I am a cradle roll Congregationalist; here are two brief stories about that identity. First, I was an ardent teen-aged member of the church during the height of the Vietnam War. As happens too often in our tradition, our congregation split seriously over some UCC initiatives. Suddenly, we teens found ourselves disenfranchised when it came to the congregational vote. Like several of my age-mates, I fled from church organizations (remember that pejorative label, “The Establishment”?) for about a decade.
When I moved to Hawaii in my mid-twenties, I went back to church for the express purpose of singing with a good choir. The Lutheran Church of Honolulu certainly provided me with that gift, as well as two others: meeting a future husband and the opportunity to do social justice work. My pastor there also helped me to discern my growing call to ministry. When I went off to seminary on the mainland, I was still torn between the wonderful singing worship tradition in the ELCA and my own foundational journey in the UCC. In studying, my deep conviction about UCC polity and governance brought me back to this fold.
So what is that conviction? Here are the main points, as simply as I can put them:
- The purpose of gathering together into a church is to discover and to do God’s will
- This discovery of God’s will does not come from one human being, even if he/she is a Bishop or at the other extreme, a charismatic cult leader (from Mother Anne of the Shakers to Jim Jones of the People’s Temple)
- God’s will is best discovered in a committed group of people who are sincerely attempting to discern it, through prayer, reasonable discussion, surrendering of ego, and movement of the Spirit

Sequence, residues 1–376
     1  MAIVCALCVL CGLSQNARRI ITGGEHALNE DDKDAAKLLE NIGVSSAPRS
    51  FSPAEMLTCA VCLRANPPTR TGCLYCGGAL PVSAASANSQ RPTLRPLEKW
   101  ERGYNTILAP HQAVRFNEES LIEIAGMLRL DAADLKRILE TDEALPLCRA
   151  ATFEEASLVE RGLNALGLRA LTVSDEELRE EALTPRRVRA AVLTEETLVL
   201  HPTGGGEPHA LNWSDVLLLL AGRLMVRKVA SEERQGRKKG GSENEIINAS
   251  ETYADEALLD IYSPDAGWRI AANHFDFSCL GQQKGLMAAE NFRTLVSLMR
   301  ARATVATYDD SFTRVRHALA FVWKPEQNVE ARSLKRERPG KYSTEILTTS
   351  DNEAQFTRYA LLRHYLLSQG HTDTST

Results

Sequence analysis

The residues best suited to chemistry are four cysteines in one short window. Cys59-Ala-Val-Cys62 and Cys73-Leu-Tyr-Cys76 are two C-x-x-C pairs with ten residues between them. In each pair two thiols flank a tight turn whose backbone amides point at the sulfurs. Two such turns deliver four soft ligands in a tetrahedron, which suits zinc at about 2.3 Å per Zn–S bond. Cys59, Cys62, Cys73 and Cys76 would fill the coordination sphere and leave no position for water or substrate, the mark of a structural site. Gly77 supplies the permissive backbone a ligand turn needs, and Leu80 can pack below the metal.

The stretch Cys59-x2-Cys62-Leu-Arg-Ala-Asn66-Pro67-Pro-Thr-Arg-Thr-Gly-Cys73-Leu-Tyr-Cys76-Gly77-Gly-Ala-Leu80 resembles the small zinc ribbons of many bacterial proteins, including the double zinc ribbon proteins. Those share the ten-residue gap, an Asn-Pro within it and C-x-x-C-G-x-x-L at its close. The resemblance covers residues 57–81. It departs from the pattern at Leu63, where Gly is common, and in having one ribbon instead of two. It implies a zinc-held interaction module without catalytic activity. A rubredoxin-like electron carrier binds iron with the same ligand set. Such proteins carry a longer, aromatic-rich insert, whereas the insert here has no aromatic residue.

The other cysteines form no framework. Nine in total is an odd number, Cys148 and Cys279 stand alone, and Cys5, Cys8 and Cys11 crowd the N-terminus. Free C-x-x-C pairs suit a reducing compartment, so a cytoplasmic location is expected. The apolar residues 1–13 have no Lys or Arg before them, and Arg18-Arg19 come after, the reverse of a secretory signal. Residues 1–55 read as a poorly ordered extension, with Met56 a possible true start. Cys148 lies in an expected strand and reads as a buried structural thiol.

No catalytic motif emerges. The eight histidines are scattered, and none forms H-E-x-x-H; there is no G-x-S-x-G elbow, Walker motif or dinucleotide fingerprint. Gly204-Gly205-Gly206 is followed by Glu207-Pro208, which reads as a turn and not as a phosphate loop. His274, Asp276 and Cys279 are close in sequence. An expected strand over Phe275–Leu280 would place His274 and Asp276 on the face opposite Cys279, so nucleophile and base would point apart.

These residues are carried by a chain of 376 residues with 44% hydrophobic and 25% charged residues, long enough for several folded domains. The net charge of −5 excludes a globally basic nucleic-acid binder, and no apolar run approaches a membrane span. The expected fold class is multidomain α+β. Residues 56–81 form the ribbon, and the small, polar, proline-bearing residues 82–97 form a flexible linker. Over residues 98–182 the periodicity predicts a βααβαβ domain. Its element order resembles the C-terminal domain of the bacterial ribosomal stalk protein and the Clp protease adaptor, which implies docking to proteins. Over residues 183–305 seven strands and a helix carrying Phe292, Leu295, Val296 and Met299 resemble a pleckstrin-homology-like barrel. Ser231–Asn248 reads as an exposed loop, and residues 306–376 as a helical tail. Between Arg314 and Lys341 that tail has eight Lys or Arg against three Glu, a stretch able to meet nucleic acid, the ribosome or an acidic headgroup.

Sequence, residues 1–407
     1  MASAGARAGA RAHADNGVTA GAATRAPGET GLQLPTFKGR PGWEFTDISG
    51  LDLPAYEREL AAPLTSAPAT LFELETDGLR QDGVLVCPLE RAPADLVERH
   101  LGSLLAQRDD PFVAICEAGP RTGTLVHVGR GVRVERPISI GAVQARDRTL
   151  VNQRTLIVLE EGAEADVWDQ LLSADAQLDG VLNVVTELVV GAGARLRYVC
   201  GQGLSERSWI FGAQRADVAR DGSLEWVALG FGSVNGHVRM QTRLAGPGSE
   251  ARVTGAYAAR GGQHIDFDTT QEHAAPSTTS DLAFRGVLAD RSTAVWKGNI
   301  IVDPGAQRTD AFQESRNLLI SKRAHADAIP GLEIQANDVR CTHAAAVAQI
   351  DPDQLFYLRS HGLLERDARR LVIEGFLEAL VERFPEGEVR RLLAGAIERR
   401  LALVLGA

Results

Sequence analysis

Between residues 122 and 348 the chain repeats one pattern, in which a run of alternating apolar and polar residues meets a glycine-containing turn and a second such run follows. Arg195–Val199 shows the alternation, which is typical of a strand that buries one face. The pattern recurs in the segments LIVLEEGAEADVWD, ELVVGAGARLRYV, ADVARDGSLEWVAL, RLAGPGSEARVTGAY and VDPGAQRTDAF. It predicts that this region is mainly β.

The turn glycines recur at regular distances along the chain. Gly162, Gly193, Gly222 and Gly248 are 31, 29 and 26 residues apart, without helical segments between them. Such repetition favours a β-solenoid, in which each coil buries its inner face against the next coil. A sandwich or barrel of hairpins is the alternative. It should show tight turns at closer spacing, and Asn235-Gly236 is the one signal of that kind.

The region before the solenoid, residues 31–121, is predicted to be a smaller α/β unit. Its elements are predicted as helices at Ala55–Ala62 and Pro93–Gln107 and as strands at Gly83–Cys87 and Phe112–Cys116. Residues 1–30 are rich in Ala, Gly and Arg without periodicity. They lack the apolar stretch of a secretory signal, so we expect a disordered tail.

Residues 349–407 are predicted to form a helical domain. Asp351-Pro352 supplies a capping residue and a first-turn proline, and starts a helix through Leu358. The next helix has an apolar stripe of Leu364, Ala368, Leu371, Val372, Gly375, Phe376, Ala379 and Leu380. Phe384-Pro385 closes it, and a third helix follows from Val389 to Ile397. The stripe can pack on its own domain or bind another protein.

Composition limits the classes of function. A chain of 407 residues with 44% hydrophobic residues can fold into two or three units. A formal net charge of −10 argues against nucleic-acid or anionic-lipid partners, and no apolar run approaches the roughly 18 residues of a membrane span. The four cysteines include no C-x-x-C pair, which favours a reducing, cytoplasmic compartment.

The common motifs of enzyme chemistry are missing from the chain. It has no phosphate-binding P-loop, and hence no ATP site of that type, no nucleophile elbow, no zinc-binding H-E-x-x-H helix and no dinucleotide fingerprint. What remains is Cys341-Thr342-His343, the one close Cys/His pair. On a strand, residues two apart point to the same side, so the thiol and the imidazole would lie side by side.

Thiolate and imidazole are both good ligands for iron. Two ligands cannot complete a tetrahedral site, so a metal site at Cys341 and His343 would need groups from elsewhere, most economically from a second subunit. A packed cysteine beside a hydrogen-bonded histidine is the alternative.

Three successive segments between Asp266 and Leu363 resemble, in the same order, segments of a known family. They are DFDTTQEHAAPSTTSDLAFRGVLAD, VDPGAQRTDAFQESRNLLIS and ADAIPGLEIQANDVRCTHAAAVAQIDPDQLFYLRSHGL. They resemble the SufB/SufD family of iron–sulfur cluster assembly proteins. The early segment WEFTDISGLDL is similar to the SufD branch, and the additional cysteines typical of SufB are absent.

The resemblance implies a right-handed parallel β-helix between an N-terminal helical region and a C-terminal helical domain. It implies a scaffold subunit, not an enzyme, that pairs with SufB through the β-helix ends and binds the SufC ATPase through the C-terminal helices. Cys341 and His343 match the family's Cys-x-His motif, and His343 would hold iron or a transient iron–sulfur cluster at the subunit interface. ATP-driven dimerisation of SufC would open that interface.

These principles were held by our Pilgrim and Puritan ancestors, and have resulted both in great blessing and, dare I say, curse. The genius of our national democracy has root in these ideas. But, so do the greatest schisms and arguments of political difference. If one or more individual(s) bases their position solely on their own thinking or emotion or opinion, in the process they are likely to neglect prayer, surrendering of the ego, and movement of the Spirit. Discernment is NOT the same as majority rule.
Unfortunately, the history of congregational churches in our nation is fraught with the vulnerability of equating these two things. We are not very good at teaching or practicing the art of discernment. Consequently our decisions – important and trivial alike – too often become divisive rather than harmonious, and process too often is mislaid or ignored. It’s both humorous and distressing to learn how many congregational churches split over things like the placement of the choir loft, or the color of the rug.
I invite you, in this interim time, to explore this art of discernment with me. Practicing the arts of prayer, of listening, of letting go of ego, and of putting our trust in the oneness of God’s purpose will go a long way on the journey toward continued healing and the future flourishing of this community of faith.